3. Thoughtful blog post. As an Editor, I can affirm that PRO requests can indeed be a pain in the arse. I think that’s part of the point. Editors don’t want to have to negotiate with prospective reviewers and then with authors (sometimes through several rounds of email, and sometimes ultimately failing to satisfy the reviewer) on a case-by-case basis. One hopes that they will instead be motivated to move toward standardizing processes that encourage authors to make data available to reviewers and that automatically inform prospective reviewers as to how they can access the data or, if they cannot, why not. Psych Science has such a system in place (with an upgrade that will soon be implemented). I think PRO helped me make the case for these systems with my Senior and Associate Editors (although some of them are worried that it is going to cost us in terms of submissions).

  4. Asking editors to relay requests doesn’t work.

    I have zero sympathy for authors who didn’t make data available when they submitted. Either they don’t want to share or they have been living under a rock for past five years.

    So I write my minimal review and requests revise and resubmit. If it’s inconvient for authors to have another round of review, they should have submitted the full paper. I would do the same if every other page was missing or their discussion got cut out.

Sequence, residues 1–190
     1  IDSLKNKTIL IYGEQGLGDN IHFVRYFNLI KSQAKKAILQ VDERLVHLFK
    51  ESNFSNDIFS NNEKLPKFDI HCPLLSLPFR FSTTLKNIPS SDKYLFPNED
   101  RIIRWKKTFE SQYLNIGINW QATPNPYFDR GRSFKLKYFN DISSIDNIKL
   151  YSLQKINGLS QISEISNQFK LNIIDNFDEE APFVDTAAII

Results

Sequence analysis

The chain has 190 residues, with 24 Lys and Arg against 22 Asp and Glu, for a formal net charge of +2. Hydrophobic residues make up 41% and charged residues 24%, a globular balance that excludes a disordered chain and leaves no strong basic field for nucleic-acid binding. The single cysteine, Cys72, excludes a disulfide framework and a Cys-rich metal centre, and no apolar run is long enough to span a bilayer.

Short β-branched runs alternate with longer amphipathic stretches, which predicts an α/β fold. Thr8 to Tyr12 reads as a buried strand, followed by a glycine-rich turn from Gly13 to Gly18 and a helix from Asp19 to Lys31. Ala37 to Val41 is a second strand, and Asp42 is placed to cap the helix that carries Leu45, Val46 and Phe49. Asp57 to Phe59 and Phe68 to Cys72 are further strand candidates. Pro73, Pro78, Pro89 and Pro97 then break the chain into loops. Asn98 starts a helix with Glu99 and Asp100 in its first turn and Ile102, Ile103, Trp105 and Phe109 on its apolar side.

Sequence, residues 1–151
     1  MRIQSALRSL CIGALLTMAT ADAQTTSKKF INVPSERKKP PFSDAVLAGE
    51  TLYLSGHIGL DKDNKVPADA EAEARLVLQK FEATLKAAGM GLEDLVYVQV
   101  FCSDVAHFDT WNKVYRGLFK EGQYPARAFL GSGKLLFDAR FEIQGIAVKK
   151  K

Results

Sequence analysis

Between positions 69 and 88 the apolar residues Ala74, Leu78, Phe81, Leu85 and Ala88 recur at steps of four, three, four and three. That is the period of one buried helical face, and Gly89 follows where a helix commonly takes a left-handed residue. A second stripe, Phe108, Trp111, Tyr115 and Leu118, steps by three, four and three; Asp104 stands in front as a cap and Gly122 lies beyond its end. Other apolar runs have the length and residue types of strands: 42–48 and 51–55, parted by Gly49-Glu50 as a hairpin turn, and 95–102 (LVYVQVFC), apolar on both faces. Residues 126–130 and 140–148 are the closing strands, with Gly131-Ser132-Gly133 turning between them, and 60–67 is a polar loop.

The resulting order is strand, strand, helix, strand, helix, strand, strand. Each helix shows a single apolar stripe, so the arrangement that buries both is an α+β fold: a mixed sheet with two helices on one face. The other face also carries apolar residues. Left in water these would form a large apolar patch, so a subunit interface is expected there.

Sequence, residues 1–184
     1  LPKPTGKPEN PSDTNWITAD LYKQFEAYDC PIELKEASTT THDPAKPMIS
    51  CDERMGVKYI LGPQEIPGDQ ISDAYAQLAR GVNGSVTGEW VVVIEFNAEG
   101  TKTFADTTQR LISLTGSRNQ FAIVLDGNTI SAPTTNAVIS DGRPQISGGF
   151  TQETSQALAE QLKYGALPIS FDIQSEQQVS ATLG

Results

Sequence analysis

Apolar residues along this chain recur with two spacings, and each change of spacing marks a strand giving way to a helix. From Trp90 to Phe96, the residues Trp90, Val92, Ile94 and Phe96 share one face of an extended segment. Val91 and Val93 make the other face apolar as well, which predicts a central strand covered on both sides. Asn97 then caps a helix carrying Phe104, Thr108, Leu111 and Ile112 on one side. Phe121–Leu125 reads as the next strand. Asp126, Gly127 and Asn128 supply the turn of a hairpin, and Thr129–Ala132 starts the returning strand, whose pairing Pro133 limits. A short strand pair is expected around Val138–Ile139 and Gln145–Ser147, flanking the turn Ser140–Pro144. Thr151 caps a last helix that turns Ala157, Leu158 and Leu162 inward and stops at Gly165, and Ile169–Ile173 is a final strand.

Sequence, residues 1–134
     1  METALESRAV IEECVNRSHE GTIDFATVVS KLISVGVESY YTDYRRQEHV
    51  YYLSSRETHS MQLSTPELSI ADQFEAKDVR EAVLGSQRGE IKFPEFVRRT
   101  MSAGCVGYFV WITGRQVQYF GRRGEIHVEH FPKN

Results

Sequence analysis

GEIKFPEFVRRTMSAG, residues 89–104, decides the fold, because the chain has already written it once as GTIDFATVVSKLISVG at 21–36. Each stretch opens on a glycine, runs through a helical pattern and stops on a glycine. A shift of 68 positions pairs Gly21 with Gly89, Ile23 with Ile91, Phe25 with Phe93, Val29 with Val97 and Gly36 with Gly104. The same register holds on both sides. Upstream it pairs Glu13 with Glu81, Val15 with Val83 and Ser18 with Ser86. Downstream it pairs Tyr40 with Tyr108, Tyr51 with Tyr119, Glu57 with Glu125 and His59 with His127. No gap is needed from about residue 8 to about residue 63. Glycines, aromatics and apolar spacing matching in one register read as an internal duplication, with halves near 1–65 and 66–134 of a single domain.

Oh and editors get pissed.
    Sincerely,
    Reviewer 2.

  5. I would go with the Door in the Face approach. As Stephen says above, withholding your review and boycotting a journal that doesn’t adhere to open data is the only real power you have. Journal editors find it generally quite hard to find reviewers. I think a boycott can become quite effective even if only a few reviewers are part of PRO.

    I am a bit puzzled by the description of PRO though. My understanding was that you refuse to review if the authors don’t do anything about data availability (i.e. they don’t make data available or add a statement why they can’t). I didn’t read the PRO guidelines as “rejecting” the manuscript. The latter implies remaining part of the review process and I think following the principles of PRO you should simply refuse to partake in the review process altogether in this situation (which is essentially what Door in the Face is).

    1. I understand the PRO like you Samsung: I don’t reject manuscript or recommend their rejection, I review papers and say that for a successful revision, authors must (1) share the data and code or (2) provide convincing reasons (not to me, but in the paper) why they cannot.